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Panama City officials in Washington D.C. to fight for disaster relief funding


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WASHINGTON D.C.-- City officials from Panama City are in Washington urging lawmakers and federal officials to get moving already and get the city the federal disaster relief it so desperately needs.  

The city is still reeling after a direct hit from category 5 Hurricane Michael last October.  

Residents still struggling to recover from the storm are fearful of the next hurricane season that begins again in just over a month.

The money for disaster relief has been bottled up in Congress for months as republicans and democrats argue about how many billions of dollars go to which regions of the country.

It's been more than six months since category 5 hurricane Michael slammed into the Florida Panhandle and Panama City mayor, Greg Brudnicki, said most of the coast is still in shambles.

"We have a long way to go before we can be back to normal," said Brudnicki. 

However, getting back to normal comes at a price. "We've got a $90 million dollar budget, we've already exhausted our reserves, we've borrowed $75 million dollars," Brudnicki said.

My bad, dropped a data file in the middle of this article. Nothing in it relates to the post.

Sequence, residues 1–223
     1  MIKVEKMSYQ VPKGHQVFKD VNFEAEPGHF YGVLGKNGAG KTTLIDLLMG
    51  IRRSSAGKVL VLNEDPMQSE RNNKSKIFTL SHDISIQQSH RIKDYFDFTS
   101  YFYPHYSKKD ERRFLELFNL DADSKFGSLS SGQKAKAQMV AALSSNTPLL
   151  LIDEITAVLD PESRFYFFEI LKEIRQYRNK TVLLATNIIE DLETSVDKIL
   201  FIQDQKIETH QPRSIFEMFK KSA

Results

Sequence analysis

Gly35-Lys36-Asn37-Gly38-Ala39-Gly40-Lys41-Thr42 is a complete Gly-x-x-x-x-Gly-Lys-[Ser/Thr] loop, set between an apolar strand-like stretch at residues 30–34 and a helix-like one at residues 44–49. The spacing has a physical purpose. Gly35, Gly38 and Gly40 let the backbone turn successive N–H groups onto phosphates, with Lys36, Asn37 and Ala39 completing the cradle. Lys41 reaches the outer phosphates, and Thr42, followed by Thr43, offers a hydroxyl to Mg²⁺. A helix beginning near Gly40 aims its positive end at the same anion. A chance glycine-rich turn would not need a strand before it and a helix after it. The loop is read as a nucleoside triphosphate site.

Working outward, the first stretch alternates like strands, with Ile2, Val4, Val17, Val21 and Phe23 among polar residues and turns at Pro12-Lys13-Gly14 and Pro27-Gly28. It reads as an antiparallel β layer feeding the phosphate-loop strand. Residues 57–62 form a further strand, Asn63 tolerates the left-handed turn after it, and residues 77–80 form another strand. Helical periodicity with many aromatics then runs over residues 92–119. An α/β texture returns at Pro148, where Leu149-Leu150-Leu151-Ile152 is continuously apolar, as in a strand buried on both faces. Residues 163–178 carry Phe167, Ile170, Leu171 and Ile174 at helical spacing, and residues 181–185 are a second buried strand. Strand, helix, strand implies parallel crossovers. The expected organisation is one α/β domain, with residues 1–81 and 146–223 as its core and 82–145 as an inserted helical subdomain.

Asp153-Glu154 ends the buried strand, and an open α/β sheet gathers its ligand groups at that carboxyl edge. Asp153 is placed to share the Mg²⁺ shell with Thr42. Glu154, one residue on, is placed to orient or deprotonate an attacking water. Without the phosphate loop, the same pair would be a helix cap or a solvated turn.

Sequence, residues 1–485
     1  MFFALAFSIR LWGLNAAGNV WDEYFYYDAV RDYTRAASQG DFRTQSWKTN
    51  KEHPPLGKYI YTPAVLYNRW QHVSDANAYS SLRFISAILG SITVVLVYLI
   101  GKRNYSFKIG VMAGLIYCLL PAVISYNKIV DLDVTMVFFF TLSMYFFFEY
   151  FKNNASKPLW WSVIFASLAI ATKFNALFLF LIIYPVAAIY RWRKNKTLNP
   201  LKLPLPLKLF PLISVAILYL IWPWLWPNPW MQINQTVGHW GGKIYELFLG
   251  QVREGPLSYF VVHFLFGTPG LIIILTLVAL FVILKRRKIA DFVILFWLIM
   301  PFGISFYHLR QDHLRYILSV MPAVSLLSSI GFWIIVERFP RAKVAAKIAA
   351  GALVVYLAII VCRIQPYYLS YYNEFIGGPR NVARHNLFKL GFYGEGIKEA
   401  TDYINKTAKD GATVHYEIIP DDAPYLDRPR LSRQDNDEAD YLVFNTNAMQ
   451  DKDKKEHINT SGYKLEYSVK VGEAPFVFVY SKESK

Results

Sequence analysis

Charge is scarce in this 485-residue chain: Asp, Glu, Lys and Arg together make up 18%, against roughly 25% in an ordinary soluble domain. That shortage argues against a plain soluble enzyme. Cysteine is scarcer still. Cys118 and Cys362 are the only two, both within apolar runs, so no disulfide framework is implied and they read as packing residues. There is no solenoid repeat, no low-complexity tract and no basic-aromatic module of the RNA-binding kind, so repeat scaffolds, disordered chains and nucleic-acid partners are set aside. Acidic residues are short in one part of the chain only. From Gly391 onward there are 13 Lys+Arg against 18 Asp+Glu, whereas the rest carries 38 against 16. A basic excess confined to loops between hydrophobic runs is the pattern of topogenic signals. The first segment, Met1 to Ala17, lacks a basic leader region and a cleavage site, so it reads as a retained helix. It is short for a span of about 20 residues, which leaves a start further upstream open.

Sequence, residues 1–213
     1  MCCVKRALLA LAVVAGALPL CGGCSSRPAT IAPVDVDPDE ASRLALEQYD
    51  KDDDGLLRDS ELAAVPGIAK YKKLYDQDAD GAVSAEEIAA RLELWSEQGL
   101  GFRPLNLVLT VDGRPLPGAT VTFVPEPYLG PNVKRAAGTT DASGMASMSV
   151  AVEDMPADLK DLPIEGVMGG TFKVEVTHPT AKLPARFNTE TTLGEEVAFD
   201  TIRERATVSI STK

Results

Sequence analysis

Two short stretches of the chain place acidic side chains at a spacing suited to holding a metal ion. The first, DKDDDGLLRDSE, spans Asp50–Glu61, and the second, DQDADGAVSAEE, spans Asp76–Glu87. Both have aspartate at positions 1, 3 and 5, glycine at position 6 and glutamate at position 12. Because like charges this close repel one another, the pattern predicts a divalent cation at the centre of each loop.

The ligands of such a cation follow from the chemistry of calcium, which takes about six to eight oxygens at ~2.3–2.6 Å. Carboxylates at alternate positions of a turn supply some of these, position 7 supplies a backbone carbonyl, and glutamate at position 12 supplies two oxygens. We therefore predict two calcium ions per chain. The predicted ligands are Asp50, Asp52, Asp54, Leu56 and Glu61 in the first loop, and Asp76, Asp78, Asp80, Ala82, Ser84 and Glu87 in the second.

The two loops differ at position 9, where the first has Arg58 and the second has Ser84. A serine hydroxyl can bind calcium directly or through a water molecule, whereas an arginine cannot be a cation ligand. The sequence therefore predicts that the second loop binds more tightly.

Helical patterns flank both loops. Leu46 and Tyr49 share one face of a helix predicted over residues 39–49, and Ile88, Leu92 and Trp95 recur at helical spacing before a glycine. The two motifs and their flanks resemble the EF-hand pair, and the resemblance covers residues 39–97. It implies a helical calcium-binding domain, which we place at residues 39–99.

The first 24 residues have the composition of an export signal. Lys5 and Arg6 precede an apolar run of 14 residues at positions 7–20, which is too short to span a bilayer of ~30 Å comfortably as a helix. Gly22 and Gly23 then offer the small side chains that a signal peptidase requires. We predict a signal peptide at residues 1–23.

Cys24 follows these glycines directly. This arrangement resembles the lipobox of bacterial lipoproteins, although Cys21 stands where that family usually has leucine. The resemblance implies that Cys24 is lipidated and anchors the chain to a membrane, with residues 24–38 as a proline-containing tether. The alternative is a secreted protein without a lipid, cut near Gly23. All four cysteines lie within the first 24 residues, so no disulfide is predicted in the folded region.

Brudnicki and Panama City officials are in Washington asking Congress and federal agencies for more money to cover the estimated $1 billion dollars worth of damage in Panama City.

"It is time for them to pony up. We need our funding to keep going," said Brudnicki. Congress has failed to pass a disaster aid bill...as Democrats and Republicans squabble over which areas get how much money.  

It's not just city officials taking action, but also school officials. Bay District Superintendent, Bill Husfelt, also made the trip to Washington to fight for funding. 

"I think that it's sad that the people in California from the wildfires or the people in the Carolinas from the flooding are in the same group as us sitting there and waiting for Congress to do something that should have been done a long time ago," said Husfelt. 

The house will try again next week with a $17 billion dollar plan...that would provide money for disasters ranging from Puerto Rico's 2017 Hurricane Maria to this spring's midwest flooding 

However, Florida Republican congressman, Neal Dunn, said just a small fraction of that is earmarked for Panama City and it's not enough. 

"it’s just a down payment. it absolutely is not enough to get us all the way back," said Dunn. 

Dunn said time is running out since hurricane season starts June 1st.

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